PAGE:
The Pennsylvania Gaming Control Board is deciding whether to expand who can win a mini-casino license.
The state received no bids for a sixth mini-casino license at an auction Wednesday.
“You have to get this done right. You can’t just open the bottle until the wine is ready to be opened,” board spokesman Doug Harbach said.
The Gaming Control Board could walk away from the table. Mini-casino auctions have raised over $127 million, more than the state bargained for. The board could also bet on out-of-state casino owners or non-casino businesses.
“Who will they be? Who will we accept? Who do we believe would be able to bid and build a small casino?” Harbach said.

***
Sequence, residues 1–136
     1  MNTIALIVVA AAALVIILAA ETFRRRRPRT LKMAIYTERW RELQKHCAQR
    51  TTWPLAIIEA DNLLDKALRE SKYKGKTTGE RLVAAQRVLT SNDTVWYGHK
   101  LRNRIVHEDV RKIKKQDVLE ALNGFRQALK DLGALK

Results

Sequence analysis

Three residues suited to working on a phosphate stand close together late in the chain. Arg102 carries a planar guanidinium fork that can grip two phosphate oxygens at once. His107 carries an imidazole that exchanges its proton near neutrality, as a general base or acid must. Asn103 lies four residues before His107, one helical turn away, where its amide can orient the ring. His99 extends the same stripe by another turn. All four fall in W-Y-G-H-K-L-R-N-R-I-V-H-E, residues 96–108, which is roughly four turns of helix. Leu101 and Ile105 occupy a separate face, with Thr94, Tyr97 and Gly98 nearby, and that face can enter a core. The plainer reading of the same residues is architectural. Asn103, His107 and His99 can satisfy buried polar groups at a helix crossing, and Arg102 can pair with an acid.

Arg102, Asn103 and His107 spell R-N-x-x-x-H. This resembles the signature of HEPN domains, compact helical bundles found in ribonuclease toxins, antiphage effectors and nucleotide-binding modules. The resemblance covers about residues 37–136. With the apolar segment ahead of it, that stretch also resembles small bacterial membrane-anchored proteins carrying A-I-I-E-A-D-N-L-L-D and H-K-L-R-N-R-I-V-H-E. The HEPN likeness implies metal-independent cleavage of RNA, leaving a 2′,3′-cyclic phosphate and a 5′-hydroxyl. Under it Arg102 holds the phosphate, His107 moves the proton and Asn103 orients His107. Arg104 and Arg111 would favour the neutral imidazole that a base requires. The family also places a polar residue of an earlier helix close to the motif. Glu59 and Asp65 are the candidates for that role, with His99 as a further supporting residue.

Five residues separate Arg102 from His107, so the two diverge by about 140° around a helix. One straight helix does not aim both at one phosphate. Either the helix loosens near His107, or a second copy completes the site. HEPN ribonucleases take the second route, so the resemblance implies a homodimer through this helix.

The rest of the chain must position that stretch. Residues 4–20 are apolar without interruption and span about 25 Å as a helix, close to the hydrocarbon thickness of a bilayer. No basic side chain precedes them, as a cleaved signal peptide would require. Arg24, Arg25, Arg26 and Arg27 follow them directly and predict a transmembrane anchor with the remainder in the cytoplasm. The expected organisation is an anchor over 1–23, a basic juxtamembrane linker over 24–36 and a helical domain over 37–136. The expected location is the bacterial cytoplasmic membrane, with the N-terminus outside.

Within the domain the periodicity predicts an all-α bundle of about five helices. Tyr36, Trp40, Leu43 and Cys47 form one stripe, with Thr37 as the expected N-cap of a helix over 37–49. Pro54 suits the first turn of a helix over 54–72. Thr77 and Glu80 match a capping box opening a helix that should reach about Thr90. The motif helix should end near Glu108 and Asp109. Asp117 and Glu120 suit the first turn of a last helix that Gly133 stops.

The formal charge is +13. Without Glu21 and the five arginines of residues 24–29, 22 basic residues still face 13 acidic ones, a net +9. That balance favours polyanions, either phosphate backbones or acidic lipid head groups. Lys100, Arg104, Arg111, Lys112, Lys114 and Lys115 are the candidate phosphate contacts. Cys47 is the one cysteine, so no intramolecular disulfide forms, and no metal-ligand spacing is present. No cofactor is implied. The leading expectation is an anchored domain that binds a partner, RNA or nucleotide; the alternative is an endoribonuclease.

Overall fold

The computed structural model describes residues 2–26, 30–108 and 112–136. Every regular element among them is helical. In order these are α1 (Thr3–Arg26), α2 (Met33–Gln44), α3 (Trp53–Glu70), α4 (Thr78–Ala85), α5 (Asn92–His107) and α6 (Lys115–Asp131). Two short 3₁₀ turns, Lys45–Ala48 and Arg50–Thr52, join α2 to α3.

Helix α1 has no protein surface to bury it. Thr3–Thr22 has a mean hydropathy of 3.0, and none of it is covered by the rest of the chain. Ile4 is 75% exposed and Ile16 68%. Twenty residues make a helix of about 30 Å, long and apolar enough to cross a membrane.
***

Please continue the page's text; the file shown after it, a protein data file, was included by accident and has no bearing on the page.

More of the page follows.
It’s unclear when the board will decide if it’s all in or all bets are off the table, but the clock is ticking for the first five bidders to find an exact spot for their mini-casinos.
“The law says they have six months to get an application to us after the auction. They also get two extension months if they request it and the board gives it to them,” Harbach said.